The ugly truth

I’ve been working on a post for more than a two weeks. Every day I’d tap out a few lines, tweak them, delete them. The writing was good, but something didn’t seem quite right.

Some of you have already heard the story I tried to blog. How a faculty member thought I was an undergrad student, how his comments jerked the band-aid off my carefully-concealed insecurities and desires for a second degree. How I felt devalued.

“Oh,” he said, once he learned I worked at the front desk full time. “I see. So what are your career goals? What’s the plan?”

I thought I was simply insecure.
I thought it was an example of secular “success” clashing with the things God had called me to be successful in.
I thought it would make a good blog, neatly tied at the end with something pithy that would make me sound mature.

The truth is far uglier. I’m proud.

The realization came last night like a 5000-watt spotlight, piercing past my self-deception into the muck I’d hidden from myself. I was listening to this podcast by Nancy Leigh DeMoss titled, appropriately, “A Pride Test”. With each convicting question, I cried harder into my tortilla soup.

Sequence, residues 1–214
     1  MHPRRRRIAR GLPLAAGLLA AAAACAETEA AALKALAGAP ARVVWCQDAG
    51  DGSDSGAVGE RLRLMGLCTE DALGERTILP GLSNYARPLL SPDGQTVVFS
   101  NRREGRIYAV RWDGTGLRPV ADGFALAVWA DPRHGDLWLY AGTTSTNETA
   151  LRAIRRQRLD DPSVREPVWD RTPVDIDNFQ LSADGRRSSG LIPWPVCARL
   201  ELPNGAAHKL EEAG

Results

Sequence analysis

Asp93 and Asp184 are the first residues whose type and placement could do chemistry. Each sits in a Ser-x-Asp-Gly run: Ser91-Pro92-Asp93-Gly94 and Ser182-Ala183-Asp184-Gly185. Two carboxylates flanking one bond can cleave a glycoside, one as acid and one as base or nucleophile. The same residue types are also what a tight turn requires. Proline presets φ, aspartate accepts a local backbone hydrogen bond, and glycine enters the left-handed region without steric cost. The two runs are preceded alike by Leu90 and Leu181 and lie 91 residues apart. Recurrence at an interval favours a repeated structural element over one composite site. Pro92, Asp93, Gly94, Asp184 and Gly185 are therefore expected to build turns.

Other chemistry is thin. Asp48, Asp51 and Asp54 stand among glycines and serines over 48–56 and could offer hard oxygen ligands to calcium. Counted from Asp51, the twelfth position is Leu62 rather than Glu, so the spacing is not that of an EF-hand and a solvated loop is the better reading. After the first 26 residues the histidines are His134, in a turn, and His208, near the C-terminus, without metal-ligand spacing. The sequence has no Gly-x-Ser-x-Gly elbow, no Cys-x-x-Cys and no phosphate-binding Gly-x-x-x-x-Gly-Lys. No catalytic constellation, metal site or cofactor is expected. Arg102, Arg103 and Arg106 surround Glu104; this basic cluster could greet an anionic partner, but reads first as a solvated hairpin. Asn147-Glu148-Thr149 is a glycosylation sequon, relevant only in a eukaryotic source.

Do you think of yourself as more spiritual than your mate, your co-workers, other Christians you know?
Are you quick to find fault with others and then verbalize those faults to others?
Are you proud of the schedule you keep? How disciplined you are and how much you are able to accomplish?
Do you give undue time or attention to your physical appearance?
Are you a perfectionist? Do you feel irked with people who don’t do things as well or as quickly as you?
Do you often complain about the weather, your heath, your busy-ness? (We will complain if we think we deserve better). 
Do you talk too much about yourself?
Do you get hurt if your accomplishments or contributions are not noticed or rewarded?

Pride thinks it deserves respect, and is easily injured when it isn’t taken seriously. This is what I felt that day as I tried to explain and defend my career. I should have known: one of Pride’s favorite costumes is insecurity.


And it’s a good hurt. I need to feel it, to look the ugliness full-on in the mirror and recognize it as me.

So here’s the thing. Please don’t write a comment and tell me I’m not proud. I know you’d be doing it to be kind, but it would be way too easy to believe you. Self-deception is so attractive. CS Lewis wrote this about pride:

“If you think you’re not conceited, it means you are very conceited indeed.”

God doesn’t flatter me. He aims the spotlight on the muck so that my disgust will bring me to Him, the Cleanser who already paid an ultimate price for my shame.

It’s a severe mercy. But I need mercy in every form.

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